What to Watch As Earnings Season Gets Underway

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I don’t know about you, but I am getting a little tired of violent swings in the stock market based on headlines. With a bit of luck, this week will be the beginning of a month or so when traders and investors will be primarily concerned with economic realities, not geopolitics or “news” about China/U.S. trade. While both of those things matter, the most likely determinant of direction for the next few months is what we will learn about earnings over the next few weeks.

Stocks are trading above the long-term averages in terms of both trailing and forward earnings multiples, so will be sensitive to any weakness, real or perceived. Or, rather, they should be sensitive to that. If this period of news related volatility has taught us anything, it is that the default direction of the market is upward. If stocks can shrug off a very real threat of a shooting war with Iran in a day or so, then this bull market can probably survive anything.

For that reason, earnings would have to be pretty bad to produce a negative reaction, but a positive could be achieved on even a slight beat, especially if it comes in certain areas.

Energy has been the worst performing sector in the S&P 200 for the last decade. Fears of weaker than anticipated global growth have been persistent, keeping oil prices from reaching the heady levels seen before the recession and stocks in the sector depressed. Similarly, manufacturing has underperformed as that sector has been hit hardest by the trade war.

It wouldn’t take much of a beat in either of those areas to spark general buying, as the best chance of a significant move up in the averages from here is if the laggards begin to catch up. The best performing sectors, such as tech (+49% 1 Year) are beginning to look fully valued at the very least, but energy, the only sector that was negative overall in the last year, and industrials that put on less than half that, could easily expand their multiples. Other sectors, such as transportation, which underperformed most of last year and healthcare, which also lagged should also be watched.

So, while the focus of many will be on the big banks that report this week, more information about the direction of the major indices may be gleaned elsewhere. Tomorrow, for example, JP Morgan (JPM), Wells Fargo (WFC) and Citi (C) will grab the headlines, but the performance of Delta Air Lines (DAL) will actually give a better clue as to what to expect as earnings season progresses.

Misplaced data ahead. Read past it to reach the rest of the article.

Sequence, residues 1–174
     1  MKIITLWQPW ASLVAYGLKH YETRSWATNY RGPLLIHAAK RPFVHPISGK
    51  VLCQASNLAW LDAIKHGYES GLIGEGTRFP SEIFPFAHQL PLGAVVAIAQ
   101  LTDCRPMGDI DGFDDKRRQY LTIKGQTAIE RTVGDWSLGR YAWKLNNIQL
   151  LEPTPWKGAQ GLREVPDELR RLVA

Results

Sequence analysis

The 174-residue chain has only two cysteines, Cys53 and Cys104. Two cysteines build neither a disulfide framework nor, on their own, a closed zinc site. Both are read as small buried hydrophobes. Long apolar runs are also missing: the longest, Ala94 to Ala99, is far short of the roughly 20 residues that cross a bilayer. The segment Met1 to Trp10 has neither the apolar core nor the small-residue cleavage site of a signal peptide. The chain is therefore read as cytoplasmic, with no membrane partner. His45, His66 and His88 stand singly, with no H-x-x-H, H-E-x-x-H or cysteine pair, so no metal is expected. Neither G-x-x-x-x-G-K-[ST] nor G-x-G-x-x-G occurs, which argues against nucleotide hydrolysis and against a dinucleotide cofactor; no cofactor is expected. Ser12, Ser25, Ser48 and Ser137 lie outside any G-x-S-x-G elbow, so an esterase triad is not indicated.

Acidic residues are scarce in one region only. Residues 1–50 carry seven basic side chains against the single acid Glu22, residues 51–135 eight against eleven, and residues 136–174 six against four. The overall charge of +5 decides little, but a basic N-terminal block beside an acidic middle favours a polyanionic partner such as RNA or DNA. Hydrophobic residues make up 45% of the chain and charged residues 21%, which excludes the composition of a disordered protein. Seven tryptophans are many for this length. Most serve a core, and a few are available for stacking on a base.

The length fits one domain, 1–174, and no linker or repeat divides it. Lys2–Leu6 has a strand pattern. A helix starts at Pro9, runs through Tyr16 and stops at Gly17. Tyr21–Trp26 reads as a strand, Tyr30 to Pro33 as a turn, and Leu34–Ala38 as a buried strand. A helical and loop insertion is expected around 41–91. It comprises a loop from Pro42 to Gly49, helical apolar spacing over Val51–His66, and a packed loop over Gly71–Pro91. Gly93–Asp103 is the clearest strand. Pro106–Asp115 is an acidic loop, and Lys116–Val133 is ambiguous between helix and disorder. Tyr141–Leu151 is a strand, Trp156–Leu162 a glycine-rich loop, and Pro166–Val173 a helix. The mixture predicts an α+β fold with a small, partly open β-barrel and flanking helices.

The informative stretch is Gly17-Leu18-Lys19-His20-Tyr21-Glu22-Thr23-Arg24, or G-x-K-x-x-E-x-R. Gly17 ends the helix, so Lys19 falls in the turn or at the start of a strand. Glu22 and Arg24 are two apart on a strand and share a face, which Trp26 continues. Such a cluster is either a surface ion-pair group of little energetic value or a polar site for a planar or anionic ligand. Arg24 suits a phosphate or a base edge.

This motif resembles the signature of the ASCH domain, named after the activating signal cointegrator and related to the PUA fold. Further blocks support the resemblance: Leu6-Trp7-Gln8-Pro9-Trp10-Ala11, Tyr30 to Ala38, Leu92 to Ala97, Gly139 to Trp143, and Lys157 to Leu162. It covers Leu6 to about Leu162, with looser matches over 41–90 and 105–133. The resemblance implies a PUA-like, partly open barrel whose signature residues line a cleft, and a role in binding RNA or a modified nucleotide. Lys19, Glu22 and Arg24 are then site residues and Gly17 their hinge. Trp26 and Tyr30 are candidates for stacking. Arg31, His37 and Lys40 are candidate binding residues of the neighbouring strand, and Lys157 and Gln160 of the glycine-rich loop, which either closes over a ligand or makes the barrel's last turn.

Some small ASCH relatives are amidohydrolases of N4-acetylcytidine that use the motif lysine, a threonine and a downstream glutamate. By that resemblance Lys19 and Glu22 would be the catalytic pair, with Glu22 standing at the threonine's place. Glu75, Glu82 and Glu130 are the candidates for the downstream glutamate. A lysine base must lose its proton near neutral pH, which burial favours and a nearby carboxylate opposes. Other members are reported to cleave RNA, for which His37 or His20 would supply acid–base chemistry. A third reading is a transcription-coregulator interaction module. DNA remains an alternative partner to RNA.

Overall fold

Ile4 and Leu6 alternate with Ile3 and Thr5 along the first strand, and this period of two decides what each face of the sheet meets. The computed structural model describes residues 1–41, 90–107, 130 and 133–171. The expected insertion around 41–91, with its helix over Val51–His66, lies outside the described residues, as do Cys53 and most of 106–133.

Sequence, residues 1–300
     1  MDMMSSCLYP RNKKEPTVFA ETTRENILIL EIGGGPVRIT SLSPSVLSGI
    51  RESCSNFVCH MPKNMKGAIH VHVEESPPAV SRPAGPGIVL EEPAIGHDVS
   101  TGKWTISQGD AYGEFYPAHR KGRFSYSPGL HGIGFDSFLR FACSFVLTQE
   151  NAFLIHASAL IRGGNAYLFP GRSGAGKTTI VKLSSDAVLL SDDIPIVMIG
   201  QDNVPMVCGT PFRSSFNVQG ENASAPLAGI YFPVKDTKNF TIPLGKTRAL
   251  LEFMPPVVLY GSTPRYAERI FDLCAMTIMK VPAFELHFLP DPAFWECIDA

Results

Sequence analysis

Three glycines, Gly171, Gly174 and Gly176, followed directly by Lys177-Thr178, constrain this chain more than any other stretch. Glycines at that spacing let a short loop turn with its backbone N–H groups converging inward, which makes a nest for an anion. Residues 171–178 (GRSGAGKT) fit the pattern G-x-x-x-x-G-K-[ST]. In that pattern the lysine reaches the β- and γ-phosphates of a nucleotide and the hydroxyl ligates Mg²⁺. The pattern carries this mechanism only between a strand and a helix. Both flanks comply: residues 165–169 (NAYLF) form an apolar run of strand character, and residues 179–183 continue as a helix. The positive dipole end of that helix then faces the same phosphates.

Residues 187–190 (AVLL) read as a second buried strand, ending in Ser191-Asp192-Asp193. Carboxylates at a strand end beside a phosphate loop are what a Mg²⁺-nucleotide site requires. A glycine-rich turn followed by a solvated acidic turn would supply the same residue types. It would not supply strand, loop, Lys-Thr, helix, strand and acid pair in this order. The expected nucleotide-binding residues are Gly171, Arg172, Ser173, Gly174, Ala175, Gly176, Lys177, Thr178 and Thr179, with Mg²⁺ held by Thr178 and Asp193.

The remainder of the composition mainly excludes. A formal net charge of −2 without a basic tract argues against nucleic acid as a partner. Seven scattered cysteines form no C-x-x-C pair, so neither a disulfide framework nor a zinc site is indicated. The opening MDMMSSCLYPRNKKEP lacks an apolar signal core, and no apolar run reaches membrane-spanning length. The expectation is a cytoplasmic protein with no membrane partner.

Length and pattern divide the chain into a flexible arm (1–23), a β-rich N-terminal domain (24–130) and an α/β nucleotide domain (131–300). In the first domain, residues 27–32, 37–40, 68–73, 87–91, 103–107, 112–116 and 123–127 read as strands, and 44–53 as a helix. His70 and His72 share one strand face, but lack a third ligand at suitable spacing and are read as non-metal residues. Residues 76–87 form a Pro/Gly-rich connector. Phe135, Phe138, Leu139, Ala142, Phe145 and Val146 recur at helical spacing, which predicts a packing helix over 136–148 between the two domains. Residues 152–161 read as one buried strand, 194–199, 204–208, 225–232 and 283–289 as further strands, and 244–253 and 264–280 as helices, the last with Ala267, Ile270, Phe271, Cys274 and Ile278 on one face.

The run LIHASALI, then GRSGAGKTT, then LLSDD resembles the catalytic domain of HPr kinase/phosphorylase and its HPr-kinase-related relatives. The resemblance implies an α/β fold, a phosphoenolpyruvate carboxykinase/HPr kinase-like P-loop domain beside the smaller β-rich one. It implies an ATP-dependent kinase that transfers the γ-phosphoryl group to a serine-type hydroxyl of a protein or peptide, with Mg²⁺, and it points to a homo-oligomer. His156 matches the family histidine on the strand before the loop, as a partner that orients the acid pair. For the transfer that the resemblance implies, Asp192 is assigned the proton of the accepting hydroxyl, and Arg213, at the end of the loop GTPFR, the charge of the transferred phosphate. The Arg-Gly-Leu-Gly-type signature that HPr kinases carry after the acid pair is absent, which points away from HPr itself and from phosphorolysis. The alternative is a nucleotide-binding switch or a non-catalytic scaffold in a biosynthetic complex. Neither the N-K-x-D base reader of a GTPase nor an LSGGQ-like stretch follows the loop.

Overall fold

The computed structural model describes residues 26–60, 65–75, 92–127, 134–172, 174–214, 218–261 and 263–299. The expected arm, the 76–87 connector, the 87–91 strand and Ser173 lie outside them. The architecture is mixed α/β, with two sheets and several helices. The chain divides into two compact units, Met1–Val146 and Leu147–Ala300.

Then, on Wednesday, Bank of America (BAC) will be closely followed and endlessly dissected, but Alcoa (AA) and the little-known PAM Transportation (PTSI) are more worthy of attention. And Kinder Morgan (KMI), who build and operate oil and gas pipelines, will be the first energy related earnings seen this season.

United Healthcare (UNH) also report Wednesday, but in their case the market reaction to their earnings will be more significant than the Q4 results themselves. In the second half of last year UNH, along with healthcare stocks generally, did well despite the obvious threats to the sector from the upcoming election. It will be interesting to see if that optimism remains and the response UNH’s earnings will give us our first clue. Should the numbers be decent, but the response tepid or even a seemingly mystifying drop come on a beat, the whole sector should be treated with care.

Q4 earnings are always significant in some ways. They are pivotal for retail and other consumer-facing businesses, for example. This year though, given the delicate balance inherent in stock valuations they will be more important that usual, but not in areas that you might think. If stocks are to have a good start to the year, last year’s underperformers such as energy, transportation and healthcare will have to show signs of a renaissance, so that is where investors’ focus should be.

The views and opinions expressed herein are the views and opinions of the author and do not necessarily reflect those of Nasdaq, Inc.

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Martin Tillier

Martin Tillier spent years working in the Foreign Exchange market, which required an in-depth understanding of both the world’s markets and psychology and techniques of traders. In 2002, Martin left the markets, moved to the U.S., and opened a successful wine store, but the lure of the financial world proved too strong, leading Martin to join a major firm as financial advisor.

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